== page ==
In a swift motion English scooped up the pistol, braced it in both hands and fired. The gunfire was deafening in the silence that had fallen; the sounds jerked Kannon from the fugue to which she'd succumbed. She watched as the enhanced bullets struck the creature; watched as the colour faded from the sluagh's clothing at each impact. But caused no other harm. In retaliation the sidhe pointed the yew branch at English, who felt his movements begin to slow, as if the very air were becoming solid. Panic gripped him, but struggle as he might, English could make little headway against the sluagh's power.
Rising to her feet Kannon looked at the knives she held, at the glyphs on the blades. She contemplated her options and realised that leaving English to die, or worse, was unacceptable. Replacing the knives beneath her coat she carefully drew two others. The glyphs were in a different script and the lines of each symbol possessed a faint luminescence.
Now almost immobile English was unable to either move the pistol or pull the trigger. Tongue playing across its teeth the sluagh raised the flint dagger, the point aimed at English's eyes. Emitting a shrill hiss the eldritch slashed the weapon forward.
English saw only a blur as Kannon lunged from nowhere, to deflect the blow of the blade of one of her own. The sidhe's dagger still made contact with flesh, incising a shallow scratch upon English's face, drawing blood upon his brow and cheek. A little deeper and the cut would have taken his left eye.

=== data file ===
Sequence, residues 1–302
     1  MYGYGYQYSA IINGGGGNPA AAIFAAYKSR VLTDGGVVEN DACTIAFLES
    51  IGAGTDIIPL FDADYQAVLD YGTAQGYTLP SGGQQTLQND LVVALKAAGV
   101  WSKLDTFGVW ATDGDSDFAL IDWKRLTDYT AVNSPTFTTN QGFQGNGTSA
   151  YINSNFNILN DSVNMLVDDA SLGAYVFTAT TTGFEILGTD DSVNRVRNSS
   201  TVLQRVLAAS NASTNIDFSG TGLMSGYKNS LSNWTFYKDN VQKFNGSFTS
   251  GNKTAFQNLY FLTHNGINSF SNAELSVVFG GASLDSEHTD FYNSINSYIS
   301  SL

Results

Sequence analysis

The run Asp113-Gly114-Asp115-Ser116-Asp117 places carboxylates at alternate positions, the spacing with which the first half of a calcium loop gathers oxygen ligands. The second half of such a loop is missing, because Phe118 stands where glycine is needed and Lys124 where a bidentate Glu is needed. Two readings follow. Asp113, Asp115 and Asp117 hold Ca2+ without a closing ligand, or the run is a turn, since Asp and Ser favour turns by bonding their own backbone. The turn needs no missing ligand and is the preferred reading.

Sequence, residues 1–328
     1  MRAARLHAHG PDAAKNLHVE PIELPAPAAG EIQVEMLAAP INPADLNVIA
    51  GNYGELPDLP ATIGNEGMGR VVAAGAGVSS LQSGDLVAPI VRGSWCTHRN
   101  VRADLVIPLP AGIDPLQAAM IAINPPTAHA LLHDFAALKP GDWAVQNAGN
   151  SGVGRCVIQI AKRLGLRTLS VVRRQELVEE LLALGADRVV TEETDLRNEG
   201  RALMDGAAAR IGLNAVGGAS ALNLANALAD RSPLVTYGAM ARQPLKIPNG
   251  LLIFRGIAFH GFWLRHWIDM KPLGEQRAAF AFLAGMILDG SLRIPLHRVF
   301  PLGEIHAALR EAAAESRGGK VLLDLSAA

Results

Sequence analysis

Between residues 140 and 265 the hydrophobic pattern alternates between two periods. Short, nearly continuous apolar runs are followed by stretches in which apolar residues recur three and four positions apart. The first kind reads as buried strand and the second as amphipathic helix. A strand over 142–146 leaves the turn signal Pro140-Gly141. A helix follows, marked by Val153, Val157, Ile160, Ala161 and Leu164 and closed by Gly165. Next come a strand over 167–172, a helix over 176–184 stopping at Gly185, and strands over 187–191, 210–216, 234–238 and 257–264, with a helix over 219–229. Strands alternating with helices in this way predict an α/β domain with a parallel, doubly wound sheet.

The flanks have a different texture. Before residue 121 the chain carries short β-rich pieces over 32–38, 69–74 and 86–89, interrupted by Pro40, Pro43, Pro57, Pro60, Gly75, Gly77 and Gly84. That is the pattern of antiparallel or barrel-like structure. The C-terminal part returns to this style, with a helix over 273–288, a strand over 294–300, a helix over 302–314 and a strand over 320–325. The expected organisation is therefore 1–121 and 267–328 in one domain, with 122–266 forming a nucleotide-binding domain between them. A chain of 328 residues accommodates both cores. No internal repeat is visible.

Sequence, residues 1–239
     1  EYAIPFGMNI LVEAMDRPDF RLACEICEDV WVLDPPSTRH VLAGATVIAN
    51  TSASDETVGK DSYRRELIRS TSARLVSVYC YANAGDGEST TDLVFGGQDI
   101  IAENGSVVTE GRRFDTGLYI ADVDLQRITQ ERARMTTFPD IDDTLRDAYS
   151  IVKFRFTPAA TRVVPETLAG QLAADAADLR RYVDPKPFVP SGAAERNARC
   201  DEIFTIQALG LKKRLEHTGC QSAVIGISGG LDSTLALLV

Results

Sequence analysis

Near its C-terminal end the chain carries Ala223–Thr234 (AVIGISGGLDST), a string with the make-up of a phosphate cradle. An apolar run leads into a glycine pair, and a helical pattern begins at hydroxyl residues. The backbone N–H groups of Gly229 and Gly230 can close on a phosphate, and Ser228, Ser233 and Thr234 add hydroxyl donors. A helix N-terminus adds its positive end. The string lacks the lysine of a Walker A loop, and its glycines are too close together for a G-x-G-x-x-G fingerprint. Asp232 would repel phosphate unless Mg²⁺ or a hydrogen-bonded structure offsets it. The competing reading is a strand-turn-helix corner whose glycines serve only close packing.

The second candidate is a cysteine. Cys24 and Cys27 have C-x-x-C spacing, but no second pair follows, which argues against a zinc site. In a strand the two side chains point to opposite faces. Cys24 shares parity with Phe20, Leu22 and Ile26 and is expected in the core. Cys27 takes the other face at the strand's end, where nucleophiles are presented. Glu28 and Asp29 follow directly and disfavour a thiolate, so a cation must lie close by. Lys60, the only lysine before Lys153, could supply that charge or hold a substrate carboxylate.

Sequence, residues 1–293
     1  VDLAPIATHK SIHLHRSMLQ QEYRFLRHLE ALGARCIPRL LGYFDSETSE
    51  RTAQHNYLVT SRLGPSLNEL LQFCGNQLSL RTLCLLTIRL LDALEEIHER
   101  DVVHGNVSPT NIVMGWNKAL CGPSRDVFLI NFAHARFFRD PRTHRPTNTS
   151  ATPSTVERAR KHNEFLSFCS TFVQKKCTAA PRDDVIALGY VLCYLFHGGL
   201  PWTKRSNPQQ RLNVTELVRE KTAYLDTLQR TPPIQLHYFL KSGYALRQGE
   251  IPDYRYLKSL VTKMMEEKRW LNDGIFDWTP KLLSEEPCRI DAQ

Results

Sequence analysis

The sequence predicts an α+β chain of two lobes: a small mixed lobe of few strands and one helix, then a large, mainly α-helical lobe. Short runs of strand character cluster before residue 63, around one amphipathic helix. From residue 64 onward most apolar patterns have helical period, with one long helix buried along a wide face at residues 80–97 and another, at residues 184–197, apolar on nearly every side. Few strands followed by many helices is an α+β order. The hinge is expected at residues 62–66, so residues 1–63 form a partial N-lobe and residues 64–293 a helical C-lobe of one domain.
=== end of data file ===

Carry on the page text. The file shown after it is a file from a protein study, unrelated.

Ignored by the sluagh, Kannon had approached close enough to intercept its attack. Focussed solely on English the creature could mount no defence as Kannon slid her second knife into its back, severing the spine and puncturing its heart. The hiss of rage became one of pain and disbelief. Its single eye turned toward the female who'd assaulted it, but before the eldritch could react further Kannon speared her first knife through the widely staring eye. As the glyph detonated the sluagh became first earth, then air.
Released from the binding, English slumped to the floor, hands going to the wounds in his head. Despite the freely-flowing blood, they didn't feel too serious to his probing fingers, though pain from the cuts had caused an ache in the side of his face.
Standing silently for several heartbeats Kannon considered what she'd done and the likely consequences. Mouth set in a thin line she knew the eldritch had long memories and a price would, no doubt, be exacted. She turned to where English sat on the floor, using a scrap of blue cloth to staunch the blood. It wasn't in her nature to smile, but even in her almost fixed expression, her relief was legible.
After English had recovered sufficiently, they left; the house in flames. The two motorcycles roared louder than the fire, but made less of a lasting impression.
In the panniers on her blue motorbike Kannon carried the eight books English had discovered, one of which had indeeed proven to be a 1563 print of Johann Weyer's De Praestigiis Daemonum. On the two-hundred and second page occurred a single paragraph of seemingly innocuous text. But it mentioned the origins and nature of the Sisterhood and that was enough. Nothing within the library gave any clue as to the pact Osgood had entered into with the eldritch, nor was there any indication of what the sluagh had expected in payment for its service. That was one question among many for the Elders to consider.
For his part English had taken Unaspreken Culten, Rationarium Evangelistarum and a folio of Libre Mundi; along with a number of trinkets that would fetch a reasonable price at any antique market. The Sisterhood may have changed the direction his life had taken, but they hadn't arrested his penchant for opportunistic theft.
The headache the sluagh's attack had caused English was slowly abating, though the pain centred about his left eye was much slower to fade.
© Iain Henson 2013
This story has been viewed: 5421 times.